Randomly paired with Maryland artists serving as creative coaches, participants had 45 minutes to turn found objects such as an old galosh, a Barbie and a Beanie Baby into musical instruments, poetry, sculpture or performance art.

Encouraged to "feel uncomfortable," tap into "inner child creativity" and build on one another's ideas, the museum experts turned out creations both hilarious and moving. Together, their on-the-spot inventions constituted an enduring lesson in one of the most mysterious and wonderful laws of creativity: When disparate ideas, objects, arts and cultures collide, something new is born.

The conference began officially yesterday with several "salons" that examined how children's museums could be more attuned to the benefits of creativity.

Play, seriously

During a discussion titled "Creativity, Social Inventiveness and Civil Society," panelists and audience members ranged across the many challenges facing those who believe the arts, play and creativity are at least as crucial to the learning process as rote learning of facts and preparation for a high-tech universe.

"Far too many people think of creativity as something that produces objects," began Patricia Ward Biederman, co-author of "Organizing Genius: The Secrets of Creative Collaboration." "Creativity is also something that can be applied to every aspect of our lives."

Lamenting the "Disneyfication" of tourist destinations, Leslie King-Hammond, dean of graduate studies at the Maryland Institute, College of Art, encouraged her audience to ground exhibits and museums in the communities where they were conceived. She noted that arts institutions are currently "besieged" with visitors. Citing "Kickin' it With the Old Masters," the current Joyce Scott exhibition at the Baltimore Museum of Art, she also urged listeners to establish artistic partnerships that reach "beyond the canon."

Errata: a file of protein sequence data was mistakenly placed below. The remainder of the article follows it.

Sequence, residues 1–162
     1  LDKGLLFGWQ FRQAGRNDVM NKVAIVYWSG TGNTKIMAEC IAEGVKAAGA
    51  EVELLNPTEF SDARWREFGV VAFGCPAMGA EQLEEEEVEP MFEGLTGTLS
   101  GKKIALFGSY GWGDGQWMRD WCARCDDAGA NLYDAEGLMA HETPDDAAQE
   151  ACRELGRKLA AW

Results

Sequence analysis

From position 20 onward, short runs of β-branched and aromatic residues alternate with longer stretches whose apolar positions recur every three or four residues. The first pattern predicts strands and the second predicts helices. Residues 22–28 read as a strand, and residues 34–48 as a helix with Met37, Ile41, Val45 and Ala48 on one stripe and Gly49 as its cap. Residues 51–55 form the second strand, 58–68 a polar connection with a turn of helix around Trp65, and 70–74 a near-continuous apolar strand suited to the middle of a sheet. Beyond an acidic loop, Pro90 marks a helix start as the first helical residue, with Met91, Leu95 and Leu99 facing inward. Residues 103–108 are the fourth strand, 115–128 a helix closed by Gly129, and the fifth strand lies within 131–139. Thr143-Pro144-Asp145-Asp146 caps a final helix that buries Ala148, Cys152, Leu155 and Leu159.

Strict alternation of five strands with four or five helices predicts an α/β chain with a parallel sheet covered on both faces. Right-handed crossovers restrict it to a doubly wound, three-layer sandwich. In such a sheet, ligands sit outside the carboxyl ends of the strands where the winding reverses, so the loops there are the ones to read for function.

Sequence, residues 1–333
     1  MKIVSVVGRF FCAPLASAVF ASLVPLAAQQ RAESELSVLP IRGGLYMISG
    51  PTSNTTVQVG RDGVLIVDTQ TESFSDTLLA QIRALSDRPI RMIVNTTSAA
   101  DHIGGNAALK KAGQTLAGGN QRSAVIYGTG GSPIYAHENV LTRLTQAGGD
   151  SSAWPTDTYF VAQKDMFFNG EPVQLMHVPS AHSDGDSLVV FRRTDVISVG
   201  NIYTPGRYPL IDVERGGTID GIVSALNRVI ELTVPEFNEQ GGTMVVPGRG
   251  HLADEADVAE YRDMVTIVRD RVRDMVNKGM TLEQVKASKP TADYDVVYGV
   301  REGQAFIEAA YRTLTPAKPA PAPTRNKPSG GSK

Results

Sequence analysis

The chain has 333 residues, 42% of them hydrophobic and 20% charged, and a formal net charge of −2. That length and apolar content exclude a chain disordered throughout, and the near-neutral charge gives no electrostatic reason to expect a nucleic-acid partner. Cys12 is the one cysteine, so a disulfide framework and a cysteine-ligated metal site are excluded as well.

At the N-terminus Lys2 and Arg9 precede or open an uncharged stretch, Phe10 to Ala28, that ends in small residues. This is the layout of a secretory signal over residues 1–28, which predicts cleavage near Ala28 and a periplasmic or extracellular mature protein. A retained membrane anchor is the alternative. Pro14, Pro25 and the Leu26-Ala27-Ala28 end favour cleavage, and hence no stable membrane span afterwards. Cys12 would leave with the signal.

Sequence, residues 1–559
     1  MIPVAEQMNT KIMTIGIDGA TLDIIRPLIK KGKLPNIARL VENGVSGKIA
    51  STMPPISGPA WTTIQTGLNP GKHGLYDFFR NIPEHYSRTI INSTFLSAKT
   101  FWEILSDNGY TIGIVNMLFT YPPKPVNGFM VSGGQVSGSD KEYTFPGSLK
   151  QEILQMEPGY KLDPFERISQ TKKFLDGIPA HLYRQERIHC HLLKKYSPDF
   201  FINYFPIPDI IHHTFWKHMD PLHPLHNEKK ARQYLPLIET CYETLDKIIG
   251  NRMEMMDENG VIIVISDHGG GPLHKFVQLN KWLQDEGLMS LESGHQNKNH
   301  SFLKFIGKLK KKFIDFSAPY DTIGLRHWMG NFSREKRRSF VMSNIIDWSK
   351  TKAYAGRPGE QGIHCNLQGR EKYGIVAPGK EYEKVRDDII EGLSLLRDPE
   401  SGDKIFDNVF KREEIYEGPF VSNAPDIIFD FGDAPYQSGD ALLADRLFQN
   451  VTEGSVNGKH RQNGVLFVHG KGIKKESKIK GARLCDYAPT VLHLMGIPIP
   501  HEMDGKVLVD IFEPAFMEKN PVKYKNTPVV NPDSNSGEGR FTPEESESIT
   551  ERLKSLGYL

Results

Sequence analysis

Unstructured time

The lively group conversation also tackled the multiple ironies of attempting to infuse creativity into our lives. While schools are eliminating arts programs and becoming more academically regimented, high-tech firms are urging their employees to play. Just like their dot-com elders, kids need unstructured time to think creatively, participants said.

To those fed up with narrow-minded educators, some museum administrators advised seeking out creative instructors and inviting them to use their facilities as a lab for acquiring more imaginative teaching skills.

Those with grant-writing and fund-raising experience implored colleagues at other museums to keep good records of how a solid foundation in the arts can enhance performance in other fields, such as math and science.

As the children's museum administrators spoke, they came across as revolutionaries at heart, who want to challenge every conventional truism about the way kids learn and what they find interesting.